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David Cobb has traits for early fantasy football success

Leading up to the 2015 NFL Draft, each day NFL Fantasy will profile a prospect who could make a splash in fantasy next season. Today's subject is former Minnesota running back David Cobb.

Despite setting his school's single-season rushing record in 2014, and performing well against top competition, Cobb's draft stock has lost a little bit of its luster in the lead-up to the big weekend. Part of that was a quad injury he suffered while running the 40-yard dash at the combine. That injury resulted in him posting a pedestrian 4.81-second time, and limited him to only a few drills the rest of the event. Cobb improved to a 4.65 at his pro day, but believes had he not suffered the injury he'd have clocked an even faster time. I'm sure Cobb hopes NFL scouts and GMs rely more on his tape than his injury-plagued pre-draft circuit, because that's where it's evident that Cobb has what it takes to deliver in the big leagues, and potentially fantasy leagues as well.


     » Powerful back who finishes runs
     » Yards after contact monster
     » Good vision and balance
     » Decent hands as a receiver

I need to get this out of the way -- Cobb is my kind of running back. I've always been partial to the guys who finish runs with tenacity, and rarely step out of bounds without hitting someone first. That's Cobb, a classic powerful, leg-churning back who refuses to be brought down by arm tackles. As NFL Media's Lance Zierlein notes in his profile on Cobb (linked above), 54 percent of the back's yardage from 2013 to 2014 came after contact. That's insane, but it is also evident on every snap he takes.

Cobb isn't the shiftiest back, but he knows how to use what elusiveness he has well. He has subtle moves in the open field that help him slide by defenders with ease, and he has great balance to fall forward and gain extra yards after first contact. While he only caught 16 passes his senior year (and 34 in his career), he showed good enough hands to be able to make an impact in the passing game for his future team.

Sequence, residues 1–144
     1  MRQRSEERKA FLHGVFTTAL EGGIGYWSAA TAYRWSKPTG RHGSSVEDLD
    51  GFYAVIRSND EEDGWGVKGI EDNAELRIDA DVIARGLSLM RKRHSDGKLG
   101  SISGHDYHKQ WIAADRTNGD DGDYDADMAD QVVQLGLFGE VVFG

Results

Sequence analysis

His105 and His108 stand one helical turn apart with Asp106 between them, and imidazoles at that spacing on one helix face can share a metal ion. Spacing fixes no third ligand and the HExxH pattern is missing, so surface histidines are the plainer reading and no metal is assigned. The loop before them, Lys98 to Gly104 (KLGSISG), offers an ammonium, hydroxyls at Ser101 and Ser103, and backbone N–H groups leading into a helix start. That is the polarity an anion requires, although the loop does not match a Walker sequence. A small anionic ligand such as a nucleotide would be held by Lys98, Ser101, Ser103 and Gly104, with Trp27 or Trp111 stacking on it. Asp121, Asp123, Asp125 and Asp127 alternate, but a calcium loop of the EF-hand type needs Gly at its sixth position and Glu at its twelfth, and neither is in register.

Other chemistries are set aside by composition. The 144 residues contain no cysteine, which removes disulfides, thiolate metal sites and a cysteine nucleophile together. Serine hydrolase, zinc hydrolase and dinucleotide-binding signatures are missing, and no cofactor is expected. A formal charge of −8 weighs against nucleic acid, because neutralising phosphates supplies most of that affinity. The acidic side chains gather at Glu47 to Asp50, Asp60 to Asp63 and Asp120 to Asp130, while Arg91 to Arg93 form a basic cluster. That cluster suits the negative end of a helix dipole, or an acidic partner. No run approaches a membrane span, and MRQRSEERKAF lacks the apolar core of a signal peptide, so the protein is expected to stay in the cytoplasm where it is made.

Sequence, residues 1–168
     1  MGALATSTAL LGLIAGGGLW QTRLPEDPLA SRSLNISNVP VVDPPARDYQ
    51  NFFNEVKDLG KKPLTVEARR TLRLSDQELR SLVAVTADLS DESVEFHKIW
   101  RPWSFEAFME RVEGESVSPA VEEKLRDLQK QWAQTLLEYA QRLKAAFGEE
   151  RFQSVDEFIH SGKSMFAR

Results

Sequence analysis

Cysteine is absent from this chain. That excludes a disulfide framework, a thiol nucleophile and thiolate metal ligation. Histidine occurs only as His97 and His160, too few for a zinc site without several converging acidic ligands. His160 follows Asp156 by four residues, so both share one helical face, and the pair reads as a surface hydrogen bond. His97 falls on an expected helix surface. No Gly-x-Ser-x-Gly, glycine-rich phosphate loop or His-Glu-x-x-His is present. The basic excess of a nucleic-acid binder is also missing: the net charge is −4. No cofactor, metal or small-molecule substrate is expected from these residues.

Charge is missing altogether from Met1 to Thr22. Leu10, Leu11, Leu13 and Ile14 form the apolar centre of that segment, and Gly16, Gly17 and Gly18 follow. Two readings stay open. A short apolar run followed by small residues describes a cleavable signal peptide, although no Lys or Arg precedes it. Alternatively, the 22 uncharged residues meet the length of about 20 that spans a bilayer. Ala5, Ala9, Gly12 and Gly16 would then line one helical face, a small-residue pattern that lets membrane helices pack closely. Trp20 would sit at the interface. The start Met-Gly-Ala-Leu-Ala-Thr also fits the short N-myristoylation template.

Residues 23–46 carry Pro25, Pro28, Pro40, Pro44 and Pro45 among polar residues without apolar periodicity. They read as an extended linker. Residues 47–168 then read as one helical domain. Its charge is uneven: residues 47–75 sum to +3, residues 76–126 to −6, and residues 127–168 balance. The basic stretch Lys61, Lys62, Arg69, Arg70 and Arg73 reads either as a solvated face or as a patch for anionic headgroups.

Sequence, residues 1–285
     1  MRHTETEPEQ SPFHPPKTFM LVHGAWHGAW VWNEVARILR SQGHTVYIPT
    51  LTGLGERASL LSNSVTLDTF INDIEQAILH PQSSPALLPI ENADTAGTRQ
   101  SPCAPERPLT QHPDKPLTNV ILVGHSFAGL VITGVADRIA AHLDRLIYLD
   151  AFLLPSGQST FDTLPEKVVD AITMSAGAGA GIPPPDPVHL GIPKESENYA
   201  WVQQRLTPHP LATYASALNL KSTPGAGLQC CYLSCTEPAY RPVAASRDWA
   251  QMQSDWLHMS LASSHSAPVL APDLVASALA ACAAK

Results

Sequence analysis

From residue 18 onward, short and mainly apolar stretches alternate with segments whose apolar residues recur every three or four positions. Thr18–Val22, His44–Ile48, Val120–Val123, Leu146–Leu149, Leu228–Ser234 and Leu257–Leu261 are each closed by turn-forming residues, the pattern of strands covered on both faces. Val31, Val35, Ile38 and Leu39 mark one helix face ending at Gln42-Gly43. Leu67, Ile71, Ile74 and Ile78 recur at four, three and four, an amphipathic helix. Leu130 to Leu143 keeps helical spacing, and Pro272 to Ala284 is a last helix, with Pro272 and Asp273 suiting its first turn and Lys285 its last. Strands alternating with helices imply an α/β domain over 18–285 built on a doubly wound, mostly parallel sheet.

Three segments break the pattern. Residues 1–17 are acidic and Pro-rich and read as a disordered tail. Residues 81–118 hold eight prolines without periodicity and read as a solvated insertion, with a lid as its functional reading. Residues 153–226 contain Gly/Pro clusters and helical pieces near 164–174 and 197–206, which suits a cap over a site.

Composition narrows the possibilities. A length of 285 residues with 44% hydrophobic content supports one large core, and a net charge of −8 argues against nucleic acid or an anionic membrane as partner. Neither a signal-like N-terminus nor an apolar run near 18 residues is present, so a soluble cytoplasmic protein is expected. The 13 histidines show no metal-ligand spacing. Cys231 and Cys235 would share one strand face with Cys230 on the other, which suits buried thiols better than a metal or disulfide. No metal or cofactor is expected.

» Ball security is a big concern
     » Really needs to improve pass protection
     » Lacks quickness to bounce runs outside consistently
     » Could stand to trust blocking more

Cobb could be in for a reality check when he hits an NFL training camp in terms of holding onto the football. He had six fumbles in 2014, losing five of them. Fewer things land young players in the dog house faster than coughing up the pigskin. Moreover, Cobb desperately needs to improve his pass protection or his NFL snaps will be limited to running plays. Too often he was manhandled in pass pro, which resulted in a sack or broken play. That's also not going to fly in the NFL when the guy he's blocking for owns a roughly $100-million dollar arm.

Cobb has pretty quick feet for a guy his size, but they just aren't quite quick enough to allow him to bounce runs outside consistently. He tried plenty of times, but was often corralled by a penetrating lineman before he could hit the edge. This last gripe is a small one, as I really do like Cobb's vision, but too often he'd see multiple holes and get caught dancing between them. I'd love to see him be more decisive in those situations and just get what he can, rather than get caught in the middle.

Ideal NFL fantasy fits

     » San Diego Chargers
     » Jacksonville Jaguars
     » Arizona Cardinals

The Chargers are in need of a grinder at running back with Ryan Mathews gone, and Cobb could immediately be the early-down workhorse and not be a liability in pass protection with Branden Oliver and Danny Woodhead in town. Jacksonville could use a complete back to take some stress off Blake Bortles, and Cobb could be a bargain pick to fill that role after the first few rounds. Andre Ellington wore down in Arizona after too much use and contact between the tackles. Cobb would help keep him fresh while salting away yards and game clock with his ability to rack up yards after contact.

Early fantasy draft projection

Cobb has many of the traits that help running backs make a successful quick transition to the NFL -- speed, vision and power. If he lands in the right situation, he'll definitely be worth a late-round flier, even if he's originally slotted as the backup. Two somewhat similar backs (Andre Williams, Jeremy Hill) saw plenty of work in 2014 when the guy ahead of them went down or wasn't as effective, and Cobb could follow a similar path onto the fantasy scene in 2015.

-- Follow Alex on Twitter @AlexGelhar

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